Police in Oakland, California are telling residents not to confront people breaking into their cars after seven suspects were arrested in three incidents late last month.
“The individuals involved in locked auto burglaries have become extremely brazen. Something that’s typically a non-violent crime has become much more dangerous for police and for the community,” said Oakland interim assistant police chief, Tony Jones. “We want to caution the public. Don’t try to engage with these individuals who are breaking into your car.”
During one of the incidents, officers caught thieves cutting a catalytic converter out of a vehicle in an underground garage. When officers approached, the suspects fled and rammed a police vehicle blocking the exit.
“A lot of these individuals have guns, and they’re armed, and they’re dangerous,” said Jones. “[Our officers] got rammed, it could have gotten deadly, and so we don’t want people to risk their personal safety over personal belongings that they can acquire some other day. It’s just not worth it.”
Jones says that officers have trained for such encounters, which allows them to respond without the use of lethal force.
“This operation got a little dangerous, and our officers showed tremendous restraint,” he continued. “We have experienced an uptick in individuals ramming our police cars attempting to escape.”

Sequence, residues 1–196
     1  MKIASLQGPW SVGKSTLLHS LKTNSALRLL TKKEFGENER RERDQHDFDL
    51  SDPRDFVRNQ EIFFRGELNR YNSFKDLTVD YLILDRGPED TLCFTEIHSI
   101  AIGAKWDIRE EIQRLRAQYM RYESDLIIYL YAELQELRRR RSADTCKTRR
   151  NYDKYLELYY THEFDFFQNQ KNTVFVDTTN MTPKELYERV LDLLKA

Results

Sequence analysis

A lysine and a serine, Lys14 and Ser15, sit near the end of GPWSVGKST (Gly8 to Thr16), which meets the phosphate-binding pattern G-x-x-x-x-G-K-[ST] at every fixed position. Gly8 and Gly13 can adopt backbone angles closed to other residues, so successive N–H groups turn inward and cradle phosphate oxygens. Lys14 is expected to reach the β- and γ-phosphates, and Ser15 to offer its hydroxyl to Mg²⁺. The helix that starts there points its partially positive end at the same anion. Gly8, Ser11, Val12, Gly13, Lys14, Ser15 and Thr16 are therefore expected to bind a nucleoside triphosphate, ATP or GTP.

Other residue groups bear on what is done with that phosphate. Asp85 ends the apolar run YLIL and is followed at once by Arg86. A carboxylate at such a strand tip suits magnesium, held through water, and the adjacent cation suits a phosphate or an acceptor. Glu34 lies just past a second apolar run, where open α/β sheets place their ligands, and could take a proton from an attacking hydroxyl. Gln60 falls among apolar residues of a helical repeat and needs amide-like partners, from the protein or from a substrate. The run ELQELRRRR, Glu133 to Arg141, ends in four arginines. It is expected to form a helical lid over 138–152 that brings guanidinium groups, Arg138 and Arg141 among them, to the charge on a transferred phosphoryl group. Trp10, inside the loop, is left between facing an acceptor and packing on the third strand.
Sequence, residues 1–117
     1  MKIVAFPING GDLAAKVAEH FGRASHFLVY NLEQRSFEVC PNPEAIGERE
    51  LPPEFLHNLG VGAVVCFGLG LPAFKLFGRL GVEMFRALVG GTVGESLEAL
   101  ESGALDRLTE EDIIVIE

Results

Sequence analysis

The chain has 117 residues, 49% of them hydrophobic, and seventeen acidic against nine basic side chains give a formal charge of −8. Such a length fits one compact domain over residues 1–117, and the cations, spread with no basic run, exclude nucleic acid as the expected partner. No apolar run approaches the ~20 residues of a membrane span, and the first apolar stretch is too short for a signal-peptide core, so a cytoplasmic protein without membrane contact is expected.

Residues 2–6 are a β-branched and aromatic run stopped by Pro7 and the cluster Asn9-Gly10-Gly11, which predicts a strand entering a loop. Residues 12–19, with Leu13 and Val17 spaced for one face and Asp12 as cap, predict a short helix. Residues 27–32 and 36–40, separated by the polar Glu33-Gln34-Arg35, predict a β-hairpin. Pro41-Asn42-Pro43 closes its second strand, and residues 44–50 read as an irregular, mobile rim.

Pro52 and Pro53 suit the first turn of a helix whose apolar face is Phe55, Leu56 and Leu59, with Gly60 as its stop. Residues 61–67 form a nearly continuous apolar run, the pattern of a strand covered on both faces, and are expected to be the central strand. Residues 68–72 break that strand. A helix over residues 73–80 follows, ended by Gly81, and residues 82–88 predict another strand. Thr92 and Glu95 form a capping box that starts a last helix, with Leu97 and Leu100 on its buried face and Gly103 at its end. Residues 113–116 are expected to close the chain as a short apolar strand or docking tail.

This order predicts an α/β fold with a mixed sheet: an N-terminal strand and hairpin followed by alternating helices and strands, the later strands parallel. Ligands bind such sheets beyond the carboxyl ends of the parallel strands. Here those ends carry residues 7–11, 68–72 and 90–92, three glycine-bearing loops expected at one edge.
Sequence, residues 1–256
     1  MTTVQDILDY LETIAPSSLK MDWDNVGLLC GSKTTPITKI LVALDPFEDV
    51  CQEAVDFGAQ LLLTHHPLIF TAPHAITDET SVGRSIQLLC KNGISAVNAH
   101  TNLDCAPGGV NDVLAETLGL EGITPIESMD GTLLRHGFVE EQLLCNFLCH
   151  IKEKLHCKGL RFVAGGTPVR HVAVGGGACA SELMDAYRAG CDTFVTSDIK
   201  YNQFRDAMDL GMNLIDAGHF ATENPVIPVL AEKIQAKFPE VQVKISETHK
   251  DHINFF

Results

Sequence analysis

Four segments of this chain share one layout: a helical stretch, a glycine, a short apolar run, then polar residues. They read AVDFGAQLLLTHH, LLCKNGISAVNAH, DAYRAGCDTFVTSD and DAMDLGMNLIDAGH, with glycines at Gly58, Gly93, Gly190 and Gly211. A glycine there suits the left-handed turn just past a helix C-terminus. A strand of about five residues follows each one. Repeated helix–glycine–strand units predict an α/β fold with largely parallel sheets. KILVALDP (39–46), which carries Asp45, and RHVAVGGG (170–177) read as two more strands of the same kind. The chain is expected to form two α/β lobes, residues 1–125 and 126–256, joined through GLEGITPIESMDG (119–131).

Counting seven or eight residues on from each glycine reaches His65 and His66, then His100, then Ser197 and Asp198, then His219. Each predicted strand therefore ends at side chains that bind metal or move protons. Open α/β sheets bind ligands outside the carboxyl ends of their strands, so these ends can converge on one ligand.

Following a chase which include a foot pursuit, police apprehended the catalytic converter thieves, discovering burglary tools and catalytic converters in their vehicle.
In another case, criminals who switched license plates fled when officers attempted a traffic stop. Upon apprehending them they found several firearms in their car.
According to Jones, stolen vehicles with swapped license plates are common.
“We have to be just as vigilant in how we adapt to the different techniques they do,” he said, adding “We’re aware of the plates being switched, but you can’t switch the color of the car. You can’t turn a Honda into a Lexus.”
There have been approximately 11,000 auto burglaries and 11,000 auto thefts in Oakland this year, a 40% increase over last year, according to OPD.
“That’s a significant increase, and that’s why you’re seeing the police department take more of an initiative to focus on auto burglaries in the city,” said Jones. “We’re going to be out there a lot more, focusing on this, trying to prevent these crimes from occurring, trying to investigate these things and find people’s property that’s been taken.”
Oakland residents have recently taken to complaints regarding calls for emergencies, with some saying they are put on hold for extended periods of time and often wait hours or days for officers to respond.
The interim assistant chief acknowledged the predicament and said the department is working on solutions.
“We are aware of the challenges with the 911 system, and we’re doing everything that we can to get the staffing up in the communications division so that those problems are rectified,” Mr. Jones said. “What’s more important is the personal safety of the people of Oakland.”
With budgetary constraints facing the department, and the city failing to secure millions of dollars in public safety grants because they missed a state deadline earlier this year, the department is working to reallocate its budget to further investigate auto burglaries, he said.
“We do have limited resources, but we can manage them in a way that allows us to do these operations regularly,” Mr. Jones said. -Epoch Times